These changes are also minor, but might be important to you. The balances of 529 plans can be used to pay expenses incurred during a qualified internship – typically the kind of internship that is arranged by and given credit through a college or university. And up to $10,000 a year can come out of a 529 plan to pay student loans. If you had a balance in a 529 plan why would you ever take out loans in the first place? I can think of a few scenarios, but the one I’ve seen happen the most often is parents and grandparents not communicating effectively. There have been many times were a grandparent has set up a 529 plan and the parents are unaware, so the parent may take out a loan during the financial aid process before the grandparents can take distributions from the 529 plan to fund tuition payments.
The SEC has come out with Regulation BI (best interest) which increases the disclosure requirements for those regulated by the SEC to their clients. This new regulation hasn’t been fully implemented yet, but is also expected to be duplicated by the modified Department of Labor regulation that was vacated by a court case a few years ago. Many individual states, Massachusetts chief among them, do not think the Regulation BI goes far enough and has proposed their own fiduciary rule that requires all financial advisers of all types to act only in the best interest of the client. I have no problem with the wording or the spirit of the Massachusetts regulation. My problem is in the implementation of the rule – how do I prove for every meeting, with every client that I am complying with that new regulation? Is there new paperwork involved, can I write my notes the way I always have or are there pre-set templates I have to employ? I’m not afraid of the liability of the regulations, I’m worried about the cost of implementation. Up to this point I have never put a hard account minimum on our business. I’m not going to open a $5,000 account from a total stranger, but I was always happy to open a small Roth IRA for your grandson, or the $15,000 401(k) rollover for your daughter. Depending on how this new Massachusetts law manifests itself we may have to rethink being able to offer those services, that have always been best done as a one-time commission-based transaction. We will have to wait and see.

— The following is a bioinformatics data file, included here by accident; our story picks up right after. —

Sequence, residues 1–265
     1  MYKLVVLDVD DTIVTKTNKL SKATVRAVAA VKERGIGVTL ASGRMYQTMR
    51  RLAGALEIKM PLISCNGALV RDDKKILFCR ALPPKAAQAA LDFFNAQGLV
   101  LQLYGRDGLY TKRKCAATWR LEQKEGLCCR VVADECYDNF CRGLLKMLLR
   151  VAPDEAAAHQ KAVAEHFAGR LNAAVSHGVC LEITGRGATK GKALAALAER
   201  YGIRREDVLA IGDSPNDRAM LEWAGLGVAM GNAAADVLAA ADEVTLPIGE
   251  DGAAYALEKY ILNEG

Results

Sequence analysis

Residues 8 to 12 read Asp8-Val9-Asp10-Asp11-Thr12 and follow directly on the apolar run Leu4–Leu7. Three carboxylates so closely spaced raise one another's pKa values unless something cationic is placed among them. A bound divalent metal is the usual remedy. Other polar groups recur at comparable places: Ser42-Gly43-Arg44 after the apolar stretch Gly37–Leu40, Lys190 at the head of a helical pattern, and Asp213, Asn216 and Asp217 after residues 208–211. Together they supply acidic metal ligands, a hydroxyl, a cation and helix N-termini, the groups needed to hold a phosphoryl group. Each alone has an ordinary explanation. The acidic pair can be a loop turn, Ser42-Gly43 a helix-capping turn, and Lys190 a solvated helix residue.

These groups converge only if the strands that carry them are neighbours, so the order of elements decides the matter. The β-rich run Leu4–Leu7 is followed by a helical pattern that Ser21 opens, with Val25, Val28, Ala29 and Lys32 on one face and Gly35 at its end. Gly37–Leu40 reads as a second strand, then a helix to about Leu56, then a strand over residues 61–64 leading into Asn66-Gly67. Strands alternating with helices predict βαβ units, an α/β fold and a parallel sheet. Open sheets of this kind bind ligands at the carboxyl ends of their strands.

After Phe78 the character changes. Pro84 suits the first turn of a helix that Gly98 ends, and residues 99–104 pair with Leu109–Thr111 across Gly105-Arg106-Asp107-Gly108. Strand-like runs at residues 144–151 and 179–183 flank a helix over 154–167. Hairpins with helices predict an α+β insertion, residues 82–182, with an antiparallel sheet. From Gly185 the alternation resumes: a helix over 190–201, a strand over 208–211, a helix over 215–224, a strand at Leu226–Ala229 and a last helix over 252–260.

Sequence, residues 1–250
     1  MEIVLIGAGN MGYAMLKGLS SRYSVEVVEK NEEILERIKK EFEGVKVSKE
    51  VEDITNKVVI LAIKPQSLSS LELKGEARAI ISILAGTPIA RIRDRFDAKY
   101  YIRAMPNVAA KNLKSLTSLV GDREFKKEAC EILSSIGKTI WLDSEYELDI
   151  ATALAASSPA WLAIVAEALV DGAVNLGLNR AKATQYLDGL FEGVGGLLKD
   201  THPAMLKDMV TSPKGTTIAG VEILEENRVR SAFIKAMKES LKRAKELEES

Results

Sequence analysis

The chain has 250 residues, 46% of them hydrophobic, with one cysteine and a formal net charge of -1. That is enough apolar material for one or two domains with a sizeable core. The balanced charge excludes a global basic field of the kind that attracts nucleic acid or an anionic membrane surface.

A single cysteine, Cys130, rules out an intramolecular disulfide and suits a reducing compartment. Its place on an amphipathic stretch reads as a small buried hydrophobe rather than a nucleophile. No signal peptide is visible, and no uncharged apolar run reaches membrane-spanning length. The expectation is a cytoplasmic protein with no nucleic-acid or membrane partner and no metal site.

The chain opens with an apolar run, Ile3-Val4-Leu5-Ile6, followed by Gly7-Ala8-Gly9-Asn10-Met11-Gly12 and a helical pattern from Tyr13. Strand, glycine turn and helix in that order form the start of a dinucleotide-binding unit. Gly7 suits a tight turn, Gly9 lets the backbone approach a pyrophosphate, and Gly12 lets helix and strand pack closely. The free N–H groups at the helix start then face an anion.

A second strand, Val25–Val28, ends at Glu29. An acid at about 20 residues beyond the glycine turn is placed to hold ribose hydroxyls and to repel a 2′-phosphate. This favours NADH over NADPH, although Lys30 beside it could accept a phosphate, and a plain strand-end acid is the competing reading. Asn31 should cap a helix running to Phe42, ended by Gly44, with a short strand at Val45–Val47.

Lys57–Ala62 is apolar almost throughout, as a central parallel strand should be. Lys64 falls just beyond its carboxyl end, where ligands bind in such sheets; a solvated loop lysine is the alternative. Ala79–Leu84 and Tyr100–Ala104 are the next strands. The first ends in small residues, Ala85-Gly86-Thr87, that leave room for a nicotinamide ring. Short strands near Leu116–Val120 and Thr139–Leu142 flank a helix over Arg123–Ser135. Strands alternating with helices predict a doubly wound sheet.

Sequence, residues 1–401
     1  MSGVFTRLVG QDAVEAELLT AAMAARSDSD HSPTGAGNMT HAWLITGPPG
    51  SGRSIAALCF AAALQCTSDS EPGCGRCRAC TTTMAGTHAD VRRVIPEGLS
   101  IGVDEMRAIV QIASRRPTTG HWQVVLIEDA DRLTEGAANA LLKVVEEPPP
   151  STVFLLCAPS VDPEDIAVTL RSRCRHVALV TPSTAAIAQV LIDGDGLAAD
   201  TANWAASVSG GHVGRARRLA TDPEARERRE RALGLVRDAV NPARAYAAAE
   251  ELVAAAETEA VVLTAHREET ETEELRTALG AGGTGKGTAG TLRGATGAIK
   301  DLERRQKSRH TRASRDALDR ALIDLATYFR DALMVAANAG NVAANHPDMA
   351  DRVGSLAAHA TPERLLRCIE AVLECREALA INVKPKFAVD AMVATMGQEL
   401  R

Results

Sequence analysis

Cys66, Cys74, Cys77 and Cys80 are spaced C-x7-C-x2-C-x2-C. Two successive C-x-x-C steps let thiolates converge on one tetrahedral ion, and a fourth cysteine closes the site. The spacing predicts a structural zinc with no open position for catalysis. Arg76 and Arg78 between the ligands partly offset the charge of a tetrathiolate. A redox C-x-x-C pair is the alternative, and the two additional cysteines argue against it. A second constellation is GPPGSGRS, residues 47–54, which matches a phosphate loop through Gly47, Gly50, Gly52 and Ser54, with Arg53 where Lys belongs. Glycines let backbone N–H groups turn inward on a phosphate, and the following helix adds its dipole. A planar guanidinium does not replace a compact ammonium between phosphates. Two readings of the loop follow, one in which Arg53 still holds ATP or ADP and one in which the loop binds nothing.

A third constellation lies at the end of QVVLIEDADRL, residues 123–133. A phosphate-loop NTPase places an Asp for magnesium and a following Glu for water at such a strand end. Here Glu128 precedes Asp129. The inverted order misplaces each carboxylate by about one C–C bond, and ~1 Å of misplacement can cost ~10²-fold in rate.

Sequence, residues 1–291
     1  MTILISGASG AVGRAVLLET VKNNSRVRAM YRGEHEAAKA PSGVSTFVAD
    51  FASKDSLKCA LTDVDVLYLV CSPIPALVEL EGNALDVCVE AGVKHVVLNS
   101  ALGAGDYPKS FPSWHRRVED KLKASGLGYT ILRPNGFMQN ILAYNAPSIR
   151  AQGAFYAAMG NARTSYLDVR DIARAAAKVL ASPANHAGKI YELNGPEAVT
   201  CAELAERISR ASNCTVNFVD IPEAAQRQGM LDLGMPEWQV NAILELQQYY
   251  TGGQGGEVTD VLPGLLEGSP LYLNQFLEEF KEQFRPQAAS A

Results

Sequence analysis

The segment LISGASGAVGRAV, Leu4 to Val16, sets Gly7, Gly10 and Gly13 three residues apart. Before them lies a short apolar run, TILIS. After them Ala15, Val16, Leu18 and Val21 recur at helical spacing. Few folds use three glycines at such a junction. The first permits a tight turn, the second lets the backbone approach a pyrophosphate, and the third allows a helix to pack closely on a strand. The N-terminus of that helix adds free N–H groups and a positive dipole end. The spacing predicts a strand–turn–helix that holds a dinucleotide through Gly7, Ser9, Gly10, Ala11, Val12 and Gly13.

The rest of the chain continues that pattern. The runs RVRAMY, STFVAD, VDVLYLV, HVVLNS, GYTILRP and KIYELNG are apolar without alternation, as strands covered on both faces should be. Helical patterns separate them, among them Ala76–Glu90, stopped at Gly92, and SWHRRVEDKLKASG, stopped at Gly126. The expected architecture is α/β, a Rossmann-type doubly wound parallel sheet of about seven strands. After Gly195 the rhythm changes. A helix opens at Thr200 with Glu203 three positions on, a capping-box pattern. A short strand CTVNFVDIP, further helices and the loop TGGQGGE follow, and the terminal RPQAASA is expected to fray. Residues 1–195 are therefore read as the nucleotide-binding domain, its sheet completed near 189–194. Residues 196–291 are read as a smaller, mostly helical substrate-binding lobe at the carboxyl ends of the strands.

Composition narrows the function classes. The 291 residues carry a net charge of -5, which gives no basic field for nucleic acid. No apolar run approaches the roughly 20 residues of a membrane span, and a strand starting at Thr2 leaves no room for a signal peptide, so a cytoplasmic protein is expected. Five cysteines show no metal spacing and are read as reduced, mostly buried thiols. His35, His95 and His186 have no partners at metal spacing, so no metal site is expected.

That’s probably enough for now. I hope everyone had a wonderful Holiday. 2019 was a great year in the markets so what can be gleaned by that for 2020 – absolutely nothing. Following 20 + up years in the stock markets the following years were as likely to be up or down as any other year. To paraphrase mid-century British Prime Minister Harold McMillian (no relation to Brad in the video below - as far as I know,) what will determine the markets in 2020; “Events, dear boy, events.” And thus, it was ever so.